Nintendo Wii U, 3DS 'Dual Support' Key to Super Smash Bros - Why?
Nintendo's Super Smash Bros. franchise has seen astronomical growth since it first debuted more than a decade ago, in 1999. On the other hand, the series has remained relatively unchanged for the most part. Each iteration added new characters, stages and some graphical enhancements, but the core gameplay remained essentially the same since 1999. While this seems to have worked out quite well for the last 13 years, it may be time for a change.
Many consider the manic fighting series Super Smash Bros. one of the publisher's flagship franchises. Its latest iteration, Super Smash Bros. Brawl, is basically exploding with content. The franchise creator, however, has even bigger plans with the Wii U and 3DS versions.
"As you noted, there is a certain dead end we come to if we just expand the volume of the game," Masahiro Sakurai, the franchise creator, told IGN. Sakurai seems convinced that just adding more characters, items and stages will not suffice anymore. The Smash Bros. franchise enjoyed huge popularity and earned high praise from critics with each entry, but it has essentially followed the same formula since 1999. Each entry evolved the style of play, but it didn't quite shake things up. "I intend to change direction a little as we go," Sakurai commented in this regards. "The key to that's going to be its dual support for 3DS/Wii U."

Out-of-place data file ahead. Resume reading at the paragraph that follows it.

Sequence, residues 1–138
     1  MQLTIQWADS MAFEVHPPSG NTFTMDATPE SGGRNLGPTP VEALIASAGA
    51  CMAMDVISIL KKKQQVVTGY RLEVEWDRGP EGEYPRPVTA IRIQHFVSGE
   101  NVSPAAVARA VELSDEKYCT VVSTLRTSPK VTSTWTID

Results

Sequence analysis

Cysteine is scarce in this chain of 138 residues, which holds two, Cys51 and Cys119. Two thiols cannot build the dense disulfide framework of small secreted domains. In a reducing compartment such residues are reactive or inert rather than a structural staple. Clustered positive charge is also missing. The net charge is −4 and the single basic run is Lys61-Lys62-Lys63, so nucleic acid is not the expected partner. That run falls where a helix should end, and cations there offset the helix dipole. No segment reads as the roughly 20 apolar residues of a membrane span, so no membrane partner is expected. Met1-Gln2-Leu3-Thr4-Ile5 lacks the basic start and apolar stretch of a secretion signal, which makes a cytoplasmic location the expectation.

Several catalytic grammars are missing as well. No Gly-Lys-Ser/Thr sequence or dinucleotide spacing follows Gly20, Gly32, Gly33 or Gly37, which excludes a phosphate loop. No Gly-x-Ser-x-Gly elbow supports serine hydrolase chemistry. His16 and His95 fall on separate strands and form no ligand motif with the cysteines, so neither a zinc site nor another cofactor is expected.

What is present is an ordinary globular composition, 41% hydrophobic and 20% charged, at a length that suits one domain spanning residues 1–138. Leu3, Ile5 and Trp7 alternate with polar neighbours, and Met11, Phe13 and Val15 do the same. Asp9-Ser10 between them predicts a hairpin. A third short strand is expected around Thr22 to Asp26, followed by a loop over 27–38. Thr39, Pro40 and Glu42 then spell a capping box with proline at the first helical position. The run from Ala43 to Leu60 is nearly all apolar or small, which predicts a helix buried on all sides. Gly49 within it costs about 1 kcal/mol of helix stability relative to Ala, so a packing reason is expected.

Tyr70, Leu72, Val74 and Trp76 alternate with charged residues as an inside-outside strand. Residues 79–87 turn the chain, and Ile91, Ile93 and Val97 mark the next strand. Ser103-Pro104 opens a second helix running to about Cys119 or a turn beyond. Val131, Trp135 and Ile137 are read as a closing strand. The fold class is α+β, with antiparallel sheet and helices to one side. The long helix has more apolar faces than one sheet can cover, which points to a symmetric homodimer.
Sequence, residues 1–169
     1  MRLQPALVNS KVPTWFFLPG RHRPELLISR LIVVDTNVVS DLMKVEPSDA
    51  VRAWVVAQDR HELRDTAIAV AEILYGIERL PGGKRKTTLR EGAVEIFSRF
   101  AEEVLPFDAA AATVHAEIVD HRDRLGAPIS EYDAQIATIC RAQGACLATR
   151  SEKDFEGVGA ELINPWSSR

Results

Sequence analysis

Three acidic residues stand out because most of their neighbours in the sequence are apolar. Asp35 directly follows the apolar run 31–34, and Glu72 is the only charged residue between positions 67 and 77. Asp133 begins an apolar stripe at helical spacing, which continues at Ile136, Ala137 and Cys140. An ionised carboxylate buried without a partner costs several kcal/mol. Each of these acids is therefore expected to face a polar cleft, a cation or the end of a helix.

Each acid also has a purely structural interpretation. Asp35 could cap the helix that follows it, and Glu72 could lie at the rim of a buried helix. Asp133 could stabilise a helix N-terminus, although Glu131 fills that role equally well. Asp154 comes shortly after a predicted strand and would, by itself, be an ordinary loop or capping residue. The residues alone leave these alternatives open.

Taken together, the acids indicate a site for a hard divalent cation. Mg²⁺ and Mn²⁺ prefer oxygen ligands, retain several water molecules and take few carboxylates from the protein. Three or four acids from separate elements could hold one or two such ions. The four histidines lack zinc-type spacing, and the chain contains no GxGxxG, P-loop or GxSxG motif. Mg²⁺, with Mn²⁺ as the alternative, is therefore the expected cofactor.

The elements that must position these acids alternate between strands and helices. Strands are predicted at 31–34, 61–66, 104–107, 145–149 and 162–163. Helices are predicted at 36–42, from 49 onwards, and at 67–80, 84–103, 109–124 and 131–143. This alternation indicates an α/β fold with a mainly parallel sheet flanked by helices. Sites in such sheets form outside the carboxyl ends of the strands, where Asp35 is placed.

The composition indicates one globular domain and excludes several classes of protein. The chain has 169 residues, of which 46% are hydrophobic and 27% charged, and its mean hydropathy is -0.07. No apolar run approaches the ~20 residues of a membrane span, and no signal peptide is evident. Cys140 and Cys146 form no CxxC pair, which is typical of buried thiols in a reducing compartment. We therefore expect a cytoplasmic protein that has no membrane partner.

Both Sakurai and Nintendo president Satoru Iwata has previously shown interest in associating the 3DS and Wii U versions of the game, both of which were announced at E3 2011. "I'm really just getting started on this so it's going to take time, but I'll come up with something that uses that link as the game's central axis, so I hope you're looking forward to it," Sakurai told IGN.
Sakurai's comments were part of a larger conversation about Kid Icarus: Uprising, a recently released game for the Nintendo 3DS. The developer said he is now focusing on the next two installments of Smash Bros. If development is just getting started, however, it may be a while before this becomes reality.
(reported by Alexandra Burlacu, edited by Dave Clark)